Royal Air Force

The Royal Air Force (RAF) is the United Kingdom's aerial warfare force. It was formed towards the end of the First World War on 1 April 1918, becoming the first independent air force in the world, by regrouping the Royal Flying Corps (RFC) and the Royal Naval Air Service (RNAS).[3] Following the Allied victory over the Central Powers in 1918, the RAF emerged as the largest air force in the world at the time.[4] Since its formation, the RAF has taken a significant role in British military history. In particular, it played a large part in the Second World War where it fought its most famous campaign, the Battle of Britain.[5]

Royal Air Force
Founded1 April 1918; 103 years ago (1918-04-01)
Country United Kingdom
TypeAir force
RoleAerial warfare
Size
Part ofBritish Armed Forces
Air Staff OfficesWhitehall, London
Motto(s)Latin: Per Ardua ad Astra
"Through Adversity to the Stars"
MarchRoyal Air Force March Past
Websitewww.raf.mod.uk
Commanders
Commander-in-ChiefQueen Elizabeth II
Chief of the Air StaffAir Chief Marshal Sir Mike Wigston
Notable
commanders
Lord Trenchard
Lord Portal
Insignia
Pilot's Flying Badge
Logo
Roundel
Fin flash
Ensign
Aircraft flown
Attack
Fighter
Multirole helicopter
Trainer helicopter
Reconnaissance
Trainer
Transport
Tanker

The RAF's mission is to support the objectives of the British Ministry of Defence (MOD), which are to "provide the capabilities needed to ensure the security and defence of the United Kingdom and overseas territories, including against terrorism; to support the Government's foreign policy objectives particularly in promoting international peace and security".[6] The RAF describes its mission statement as "... [to provide] an agile, adaptable and capable Air Force that, person for person, is second to none, and that makes a decisive air power contribution in support of the UK Defence Mission".[7] The mission statement is supported by the RAF's definition of air power, which guides its strategy. Air power is defined as "the ability to project power from the air and space to influence the behaviour of people or the course of events".[8]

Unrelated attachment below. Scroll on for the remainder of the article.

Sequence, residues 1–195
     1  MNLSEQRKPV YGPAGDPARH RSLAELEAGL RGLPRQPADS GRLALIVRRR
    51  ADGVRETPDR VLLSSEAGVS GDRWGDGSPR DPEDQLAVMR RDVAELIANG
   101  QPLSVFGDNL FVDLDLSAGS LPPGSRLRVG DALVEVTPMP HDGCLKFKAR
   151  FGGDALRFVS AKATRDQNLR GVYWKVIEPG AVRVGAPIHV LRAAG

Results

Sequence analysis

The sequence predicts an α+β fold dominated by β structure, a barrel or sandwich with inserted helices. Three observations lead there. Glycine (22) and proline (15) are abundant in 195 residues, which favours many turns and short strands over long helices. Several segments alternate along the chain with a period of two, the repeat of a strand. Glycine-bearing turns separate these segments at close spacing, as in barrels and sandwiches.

Today, the Royal Air Force maintains an operational fleet of various types of aircraft,[9] described by the RAF as being "leading-edge" in terms of technology.[10] This largely consists of fixed-wing aircraft, including those in the following roles: fighter and strike, airborne early warning and control, intelligence, surveillance, target acquisition, and reconnaissance (ISTAR), signals intelligence (SIGINT), maritime patrol, air-to-air refuelling (AAR) and strategic & tactical transport. The majority of the RAF's rotary-wing aircraft form part of the tri-service Joint Helicopter Command in support of ground forces. Most of the RAF's aircraft and personnel are based in the UK, with many others serving on operations (principally over Iraq and Syria) or at long-established overseas bases (Ascension Island, Cyprus, Gibraltar, and the Falkland Islands). Although the RAF is the principal British air power arm, the Royal Navy's Fleet Air Arm and the British Army's Army Air Corps also operate armed aircraft.